Fast foods and 2-minute noodles, among others, have changed the landscape of foods consumption. No more the drudgery of food preparation, especially, some of our local staples (ekpang nkukwo, ikokore, etc) which can take ages to prepare. For the growing population of the working class, no matter the pleasure, when you are tired out after a day’s work, you need something simple, and easy to prepare, to eat. In the coming decades, there will be innovations in our staples to bring convenience to food preparation. Already, I’ve seen ground pepper, crayfish, egusi and beans (picked and cleaned), including processed and canned banga, yes banga, on shelves in supermarkets.
- Healthy Foods
Nutritionists and dieticians have consistently, harped on healthy eating habits. We have been advised on foods to consume (fruits, vegetables, water, fresh foods, fish and chicken, etc) and those to reject (red meat, animal dairy, alcoholic beverages, carbonated drinks, processed foods, etc). Considering the growing number of health-conscious people in Nigeria, a lot more attention will be paid to healthy foods in the coming decades. The ‘war’ between the promoters of organic food and the supporters of GMO foods will escalate in the coming decades. You can bet that the politics of food safety and food production will be on full display. As an entrepreneur, you will need to watch from the sidelines and prepare to ‘strike while the iron is hot’.
- Food Production Systems
In the coming decades, there will be introduction of more sustainable models of food production in Nigeria. The advocacy activities for urban farming is gaining quite some attention with real estate developers, architects, town planners, land administrators, etc. This initiative aims to get food production hubs closer to residents in urban areas unlike the current location of farms strictly in rural areas. There will be food production systems that will empower consumers to determine what they eat – either from what they grow or from what they can buy around their neighbourhood.
There will be food production systems that will promote conservation of resources (time, water, energy, materials, etc). Apart from engaging the populace, it will help in encouraging the conscious and proper utilization of nature’s resources for mankind.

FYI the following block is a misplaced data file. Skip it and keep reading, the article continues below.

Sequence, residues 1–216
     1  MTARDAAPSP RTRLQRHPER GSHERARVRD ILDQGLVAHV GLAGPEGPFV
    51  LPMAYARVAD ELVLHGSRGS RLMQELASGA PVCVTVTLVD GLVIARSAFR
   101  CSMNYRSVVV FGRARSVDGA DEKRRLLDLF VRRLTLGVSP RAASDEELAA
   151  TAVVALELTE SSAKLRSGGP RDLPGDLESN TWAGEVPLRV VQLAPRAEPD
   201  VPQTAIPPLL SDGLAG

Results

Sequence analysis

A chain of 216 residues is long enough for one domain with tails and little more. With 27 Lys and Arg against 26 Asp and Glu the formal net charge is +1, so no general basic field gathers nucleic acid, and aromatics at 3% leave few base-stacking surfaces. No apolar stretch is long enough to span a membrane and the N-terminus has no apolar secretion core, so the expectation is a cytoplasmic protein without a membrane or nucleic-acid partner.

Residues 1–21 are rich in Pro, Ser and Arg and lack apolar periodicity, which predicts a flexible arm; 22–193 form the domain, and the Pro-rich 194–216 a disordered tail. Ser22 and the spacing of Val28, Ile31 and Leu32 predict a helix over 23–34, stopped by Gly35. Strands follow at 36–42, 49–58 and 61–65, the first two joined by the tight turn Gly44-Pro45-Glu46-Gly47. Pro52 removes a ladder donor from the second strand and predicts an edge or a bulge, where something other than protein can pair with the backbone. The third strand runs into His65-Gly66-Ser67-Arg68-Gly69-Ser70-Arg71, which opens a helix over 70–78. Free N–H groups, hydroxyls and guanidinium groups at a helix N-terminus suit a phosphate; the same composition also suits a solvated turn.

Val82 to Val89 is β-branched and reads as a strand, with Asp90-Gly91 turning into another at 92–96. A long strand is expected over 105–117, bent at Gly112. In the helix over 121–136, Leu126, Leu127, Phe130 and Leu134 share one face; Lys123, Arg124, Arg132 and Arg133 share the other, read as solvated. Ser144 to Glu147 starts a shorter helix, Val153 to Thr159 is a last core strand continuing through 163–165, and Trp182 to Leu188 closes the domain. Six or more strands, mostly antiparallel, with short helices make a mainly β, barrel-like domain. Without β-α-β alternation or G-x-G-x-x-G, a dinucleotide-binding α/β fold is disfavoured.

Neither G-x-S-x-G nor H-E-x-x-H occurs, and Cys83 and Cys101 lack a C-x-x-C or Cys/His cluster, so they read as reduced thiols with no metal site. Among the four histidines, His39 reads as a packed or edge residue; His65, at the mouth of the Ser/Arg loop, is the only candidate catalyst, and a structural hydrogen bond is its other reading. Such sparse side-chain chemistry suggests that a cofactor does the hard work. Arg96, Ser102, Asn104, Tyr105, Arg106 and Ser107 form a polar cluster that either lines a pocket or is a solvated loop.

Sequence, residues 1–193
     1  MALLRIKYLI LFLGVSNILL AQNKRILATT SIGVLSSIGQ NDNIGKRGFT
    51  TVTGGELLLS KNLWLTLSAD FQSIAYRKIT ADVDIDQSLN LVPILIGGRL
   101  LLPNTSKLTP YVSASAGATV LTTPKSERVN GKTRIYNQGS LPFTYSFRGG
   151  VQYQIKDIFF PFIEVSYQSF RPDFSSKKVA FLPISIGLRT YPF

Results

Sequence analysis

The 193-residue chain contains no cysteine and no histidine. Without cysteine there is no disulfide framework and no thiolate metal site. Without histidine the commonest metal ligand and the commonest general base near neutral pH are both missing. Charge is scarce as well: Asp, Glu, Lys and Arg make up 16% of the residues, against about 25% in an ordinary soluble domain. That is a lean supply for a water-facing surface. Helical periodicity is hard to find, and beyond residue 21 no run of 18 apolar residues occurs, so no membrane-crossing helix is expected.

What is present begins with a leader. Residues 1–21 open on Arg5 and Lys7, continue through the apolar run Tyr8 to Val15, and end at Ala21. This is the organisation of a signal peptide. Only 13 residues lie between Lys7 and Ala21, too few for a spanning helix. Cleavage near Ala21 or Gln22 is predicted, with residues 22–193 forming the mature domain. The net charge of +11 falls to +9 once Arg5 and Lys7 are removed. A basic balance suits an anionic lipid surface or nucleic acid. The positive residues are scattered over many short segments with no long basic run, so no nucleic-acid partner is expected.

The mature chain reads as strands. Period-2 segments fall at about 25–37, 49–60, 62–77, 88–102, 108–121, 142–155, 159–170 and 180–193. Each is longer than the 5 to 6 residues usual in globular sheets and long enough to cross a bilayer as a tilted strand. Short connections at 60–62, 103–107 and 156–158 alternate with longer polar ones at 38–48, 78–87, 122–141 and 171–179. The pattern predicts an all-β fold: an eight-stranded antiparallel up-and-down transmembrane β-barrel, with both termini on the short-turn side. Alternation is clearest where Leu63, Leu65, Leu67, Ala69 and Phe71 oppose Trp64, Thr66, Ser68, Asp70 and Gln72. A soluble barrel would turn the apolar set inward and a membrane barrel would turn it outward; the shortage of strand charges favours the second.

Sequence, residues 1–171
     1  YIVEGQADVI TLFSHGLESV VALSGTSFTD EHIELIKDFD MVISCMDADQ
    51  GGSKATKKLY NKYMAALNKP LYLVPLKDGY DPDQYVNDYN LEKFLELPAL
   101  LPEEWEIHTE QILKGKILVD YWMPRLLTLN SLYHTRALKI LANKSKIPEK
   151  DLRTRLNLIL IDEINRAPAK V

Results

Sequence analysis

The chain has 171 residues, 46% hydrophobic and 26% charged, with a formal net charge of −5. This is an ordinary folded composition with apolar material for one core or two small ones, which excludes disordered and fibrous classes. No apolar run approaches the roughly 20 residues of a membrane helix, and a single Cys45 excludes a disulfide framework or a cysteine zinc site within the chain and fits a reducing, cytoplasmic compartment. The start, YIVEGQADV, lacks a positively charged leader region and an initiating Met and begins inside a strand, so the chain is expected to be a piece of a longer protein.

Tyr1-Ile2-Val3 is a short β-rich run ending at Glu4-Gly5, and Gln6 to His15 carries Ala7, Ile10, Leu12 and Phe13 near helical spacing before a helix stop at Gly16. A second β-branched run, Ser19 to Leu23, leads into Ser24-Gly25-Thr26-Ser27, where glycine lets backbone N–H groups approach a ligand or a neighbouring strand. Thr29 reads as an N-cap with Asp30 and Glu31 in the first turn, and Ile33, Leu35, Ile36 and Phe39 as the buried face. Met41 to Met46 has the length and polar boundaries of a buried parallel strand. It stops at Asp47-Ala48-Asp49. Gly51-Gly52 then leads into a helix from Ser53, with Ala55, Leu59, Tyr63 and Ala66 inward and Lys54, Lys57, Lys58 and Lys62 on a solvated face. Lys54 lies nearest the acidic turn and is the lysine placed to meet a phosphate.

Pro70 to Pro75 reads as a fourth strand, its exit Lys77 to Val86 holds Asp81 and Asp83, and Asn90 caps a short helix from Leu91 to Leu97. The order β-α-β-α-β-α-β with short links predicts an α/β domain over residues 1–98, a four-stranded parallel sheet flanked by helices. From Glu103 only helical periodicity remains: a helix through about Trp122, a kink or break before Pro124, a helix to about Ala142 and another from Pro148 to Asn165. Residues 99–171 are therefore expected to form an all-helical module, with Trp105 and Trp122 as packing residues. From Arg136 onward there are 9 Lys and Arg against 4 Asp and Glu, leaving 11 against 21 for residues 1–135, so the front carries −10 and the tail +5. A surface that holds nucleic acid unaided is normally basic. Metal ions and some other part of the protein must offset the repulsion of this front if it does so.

- Future Technologies
Jeff Desjardins, in his article, “The Next Generation Food Systems”, lists out four technologies that may have a profound effect on how we eat in the future (www.visualcapitalist.com):
- Automated Vertical Farms: It’s already clear that vertical farming is incredibly effective. By stacking farms on top of another and using automation, vertical farms can produce 100x more effectively per acre than conventional agricultural techniques. They grow crops at twice the speed as usual, while using 40% less power, having 80% less food waste, and using 99% less water than outdoor fields. However, the problem for vertical farms is still cost – and it is not clear when they will be viable on a commercial basis.
- Aquaponics: Another technology that has promise for the future of food is a unique combination of fish farming (aquaculture) with hydroponics. In short, fish convert their food into nutrients that plants can absorb, while the plants clean the water for the fish. Compared to conventional farming, this technology uses about half of the water, while increasing the yield of the crops grown. As a bonus, it also can raise a significant amount of fish.
- In Vitro Meats: Meat is costly and extremely resource intensive to produce. As just one example, to produce one pound of beef, it takes 1,847 gallons of water. In vitro meats are one way to solve this. These self-replicating muscle tissue cultures are grown and fed nutrients in a broth, and bypass the need for having living animals altogether. Interestingly enough, market demand seems to be there: one recent study found that 70.6% of consumers are interested in trying lab grown beef.
- Artificial Animal Products: One other route to get artificial meat is to use machine learning to grasp the complex chemistry and textures behind these products, and to find ways to replicate them. This has already been done for mayonnaise – and it’s in the works for eggs, milk, and cheese as well.
No doubt, the future of food will change drastically. Many products will be very prominent in our supply chains and become culturally acceptable and commercially viable. We will see models where food will be grown locally in massive skyscrapers, and there will be hopefully, regulations to guide food producers and protect consumers.